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Hostility Predicts Restenosis After Percutaneous Transluminal Coronary Angioplasty


      To investigate the “toxic” total (potential for) hostility component of the type A behavior pattern (assessed by means of the structured interview) as it relates to prediction of restenosis after percutaneous transluminal coronary angioplasty (PTCA).


      Patients with single vessel or multivessel coronary artery disease in whom PTCA had been scheduled or done were administered the structured interview by one trained interviewer prospectively or retrospectively (blinded to angiographic endpoints).

      Material and Methods

      A total of 41 patients underwent 53 initial balloon dilations on native arteries by 1 of 5 participating cardiologists. Inclusion criteria for this study were a successful initial PTCA and post PTCA recatheterization if a patient complained of ischemic symptoms possibly related to restenosis.


      Of the 41 patients, 15 (36.6%) had restenoses at a total of 18 previous angiopiasty sites. Patients with high total (potential for) hostility ratings were almost 2.5 times more likely to have restenosis than those with low total (potential for) hostility scores (95% confidence interval = 1.03 to 5.32). Logistic regression revealed that total (potential for) hostility scores predicted post-PTCA restenosis overall as well as when adjusted for gender and race. Total (potential for) hostility scores were also positively associated with the number of arteries restenosed (P = 0.01).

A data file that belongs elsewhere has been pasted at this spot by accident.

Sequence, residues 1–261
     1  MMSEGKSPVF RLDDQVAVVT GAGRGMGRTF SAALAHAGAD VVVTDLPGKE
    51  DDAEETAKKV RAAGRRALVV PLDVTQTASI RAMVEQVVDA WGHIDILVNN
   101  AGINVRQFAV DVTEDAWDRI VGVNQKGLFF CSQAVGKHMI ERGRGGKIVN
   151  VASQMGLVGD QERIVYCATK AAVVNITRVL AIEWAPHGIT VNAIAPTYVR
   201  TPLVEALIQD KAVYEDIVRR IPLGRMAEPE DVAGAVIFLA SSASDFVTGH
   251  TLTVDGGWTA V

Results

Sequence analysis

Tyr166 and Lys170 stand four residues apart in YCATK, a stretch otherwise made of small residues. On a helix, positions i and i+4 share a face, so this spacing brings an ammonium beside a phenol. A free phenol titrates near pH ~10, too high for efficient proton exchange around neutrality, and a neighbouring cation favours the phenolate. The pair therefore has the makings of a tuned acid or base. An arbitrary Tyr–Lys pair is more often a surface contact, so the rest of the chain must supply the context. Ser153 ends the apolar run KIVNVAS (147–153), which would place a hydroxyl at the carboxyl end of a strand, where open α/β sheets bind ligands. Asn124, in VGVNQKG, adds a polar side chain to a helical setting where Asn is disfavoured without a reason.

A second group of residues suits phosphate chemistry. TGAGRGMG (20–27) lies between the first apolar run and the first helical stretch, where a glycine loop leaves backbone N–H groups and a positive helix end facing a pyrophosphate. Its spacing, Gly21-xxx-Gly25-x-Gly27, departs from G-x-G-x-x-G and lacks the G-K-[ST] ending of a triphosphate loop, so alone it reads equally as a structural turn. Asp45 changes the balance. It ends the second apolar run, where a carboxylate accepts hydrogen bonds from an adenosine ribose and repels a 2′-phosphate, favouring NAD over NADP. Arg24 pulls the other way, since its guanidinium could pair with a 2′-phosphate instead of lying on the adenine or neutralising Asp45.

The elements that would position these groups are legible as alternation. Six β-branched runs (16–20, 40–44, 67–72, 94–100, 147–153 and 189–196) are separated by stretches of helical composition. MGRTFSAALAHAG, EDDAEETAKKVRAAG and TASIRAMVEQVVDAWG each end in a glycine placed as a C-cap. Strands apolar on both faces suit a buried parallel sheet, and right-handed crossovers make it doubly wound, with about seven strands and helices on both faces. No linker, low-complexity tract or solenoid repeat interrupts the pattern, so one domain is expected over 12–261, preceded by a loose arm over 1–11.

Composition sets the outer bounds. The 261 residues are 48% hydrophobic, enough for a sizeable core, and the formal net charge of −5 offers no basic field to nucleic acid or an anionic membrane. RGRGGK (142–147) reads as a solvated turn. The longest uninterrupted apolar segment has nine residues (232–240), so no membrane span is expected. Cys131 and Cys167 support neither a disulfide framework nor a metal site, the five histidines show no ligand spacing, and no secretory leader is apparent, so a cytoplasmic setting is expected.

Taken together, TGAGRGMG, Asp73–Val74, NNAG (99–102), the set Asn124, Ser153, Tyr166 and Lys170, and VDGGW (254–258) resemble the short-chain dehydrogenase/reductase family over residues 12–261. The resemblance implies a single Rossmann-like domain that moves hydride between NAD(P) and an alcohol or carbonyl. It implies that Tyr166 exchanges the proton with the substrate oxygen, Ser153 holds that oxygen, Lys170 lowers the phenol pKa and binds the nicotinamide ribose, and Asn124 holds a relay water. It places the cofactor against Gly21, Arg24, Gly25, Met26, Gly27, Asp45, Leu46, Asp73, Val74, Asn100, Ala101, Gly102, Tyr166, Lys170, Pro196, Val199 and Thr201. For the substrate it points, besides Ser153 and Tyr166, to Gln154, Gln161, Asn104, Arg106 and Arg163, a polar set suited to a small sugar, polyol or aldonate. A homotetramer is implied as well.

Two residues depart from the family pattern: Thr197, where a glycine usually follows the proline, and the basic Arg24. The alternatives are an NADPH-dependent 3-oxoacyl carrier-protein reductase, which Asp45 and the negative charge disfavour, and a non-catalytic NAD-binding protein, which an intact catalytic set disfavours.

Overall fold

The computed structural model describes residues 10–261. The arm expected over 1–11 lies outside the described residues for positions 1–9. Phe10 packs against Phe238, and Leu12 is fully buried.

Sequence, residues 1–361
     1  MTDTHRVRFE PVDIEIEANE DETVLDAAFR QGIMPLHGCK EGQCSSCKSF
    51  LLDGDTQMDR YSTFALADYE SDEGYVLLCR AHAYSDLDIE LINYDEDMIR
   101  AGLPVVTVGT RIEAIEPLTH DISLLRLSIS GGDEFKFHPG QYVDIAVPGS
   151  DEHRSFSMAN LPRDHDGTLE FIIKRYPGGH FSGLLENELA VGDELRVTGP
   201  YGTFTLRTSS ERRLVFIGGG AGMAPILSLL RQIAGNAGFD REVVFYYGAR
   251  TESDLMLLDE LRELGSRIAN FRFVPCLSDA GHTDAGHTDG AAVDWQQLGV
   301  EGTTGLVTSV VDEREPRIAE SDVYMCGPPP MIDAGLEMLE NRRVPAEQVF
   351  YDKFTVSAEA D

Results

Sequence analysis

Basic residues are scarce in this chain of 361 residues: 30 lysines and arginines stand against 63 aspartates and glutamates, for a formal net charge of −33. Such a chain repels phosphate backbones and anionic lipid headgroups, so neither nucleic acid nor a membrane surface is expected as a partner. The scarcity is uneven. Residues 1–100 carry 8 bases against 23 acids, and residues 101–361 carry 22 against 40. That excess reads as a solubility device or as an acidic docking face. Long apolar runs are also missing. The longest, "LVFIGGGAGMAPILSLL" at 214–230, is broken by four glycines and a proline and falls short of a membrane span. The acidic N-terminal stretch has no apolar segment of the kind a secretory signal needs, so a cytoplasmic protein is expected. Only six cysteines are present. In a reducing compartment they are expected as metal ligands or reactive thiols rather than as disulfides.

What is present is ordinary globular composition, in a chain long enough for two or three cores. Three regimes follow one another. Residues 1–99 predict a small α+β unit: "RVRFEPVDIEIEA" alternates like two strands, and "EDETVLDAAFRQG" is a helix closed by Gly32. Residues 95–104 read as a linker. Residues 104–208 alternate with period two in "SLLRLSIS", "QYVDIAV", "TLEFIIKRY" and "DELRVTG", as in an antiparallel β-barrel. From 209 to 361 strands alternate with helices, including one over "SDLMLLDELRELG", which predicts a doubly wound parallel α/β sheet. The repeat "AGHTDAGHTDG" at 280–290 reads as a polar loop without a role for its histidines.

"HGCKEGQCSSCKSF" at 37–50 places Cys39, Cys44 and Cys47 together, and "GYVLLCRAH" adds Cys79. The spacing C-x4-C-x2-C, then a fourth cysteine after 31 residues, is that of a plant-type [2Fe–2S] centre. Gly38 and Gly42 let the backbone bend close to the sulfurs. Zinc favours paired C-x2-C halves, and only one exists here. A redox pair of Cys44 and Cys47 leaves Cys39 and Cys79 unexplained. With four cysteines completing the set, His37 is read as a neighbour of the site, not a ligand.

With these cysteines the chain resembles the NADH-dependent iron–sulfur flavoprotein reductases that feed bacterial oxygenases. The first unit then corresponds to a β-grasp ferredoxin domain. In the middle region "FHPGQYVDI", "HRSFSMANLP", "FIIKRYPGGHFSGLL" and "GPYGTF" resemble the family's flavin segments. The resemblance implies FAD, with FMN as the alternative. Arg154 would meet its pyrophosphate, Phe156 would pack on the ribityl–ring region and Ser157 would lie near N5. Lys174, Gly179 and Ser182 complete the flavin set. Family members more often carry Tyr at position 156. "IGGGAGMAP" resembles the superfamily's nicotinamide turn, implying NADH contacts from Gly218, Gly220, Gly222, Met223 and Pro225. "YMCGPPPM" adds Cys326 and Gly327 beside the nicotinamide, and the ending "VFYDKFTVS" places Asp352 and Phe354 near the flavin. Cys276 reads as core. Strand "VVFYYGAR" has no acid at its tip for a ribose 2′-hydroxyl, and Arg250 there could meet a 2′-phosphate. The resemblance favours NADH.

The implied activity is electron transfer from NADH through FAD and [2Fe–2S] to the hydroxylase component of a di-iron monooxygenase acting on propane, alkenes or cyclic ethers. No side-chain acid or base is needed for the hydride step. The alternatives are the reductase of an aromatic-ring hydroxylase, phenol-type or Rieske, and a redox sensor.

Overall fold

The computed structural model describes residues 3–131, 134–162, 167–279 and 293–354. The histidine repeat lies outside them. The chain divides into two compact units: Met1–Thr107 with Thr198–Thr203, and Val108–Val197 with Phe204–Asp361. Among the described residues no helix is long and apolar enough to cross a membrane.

This is the first report of type A total (potential for) hostility behavior conferring an increased risk for restenosis after PTCA. Its modification may be effective in reducing recurrent cardiac events. A coronary-prone behavior modification program for patients with persistent, same-site restenosis after PTCA has been initiated.
      CAD (coronary artery disease), MRFIT (Multiple Risk Factor Intervention Trial), PARRFs (postangioplasty restenosis risk factors), PTCA (percutaneous trans luminal coronary angloplasty), SI (structured interview)
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      Linked Article

      • Identification and Treatment of Psychosocial Risk Factors for Coronary Artery Disease
        Mayo Clinic ProceedingsVol. 71Issue 8
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          Since the introduction of the concept of the type A behavior pattern by Friedman and Rosenman in 1959, investigators have had an ongoing interest in the relationship between psychosocial risk factors and the epidemiologic and pathophysiologic features of coronary artery disease. In recent years, emphasis has shifted from attempting to predict the development of coronary artery disease in healthy subjects to evaluating the influence of psychosocial factors on secondary events, health-care costs, and survival in patients with established coronary artery disease.
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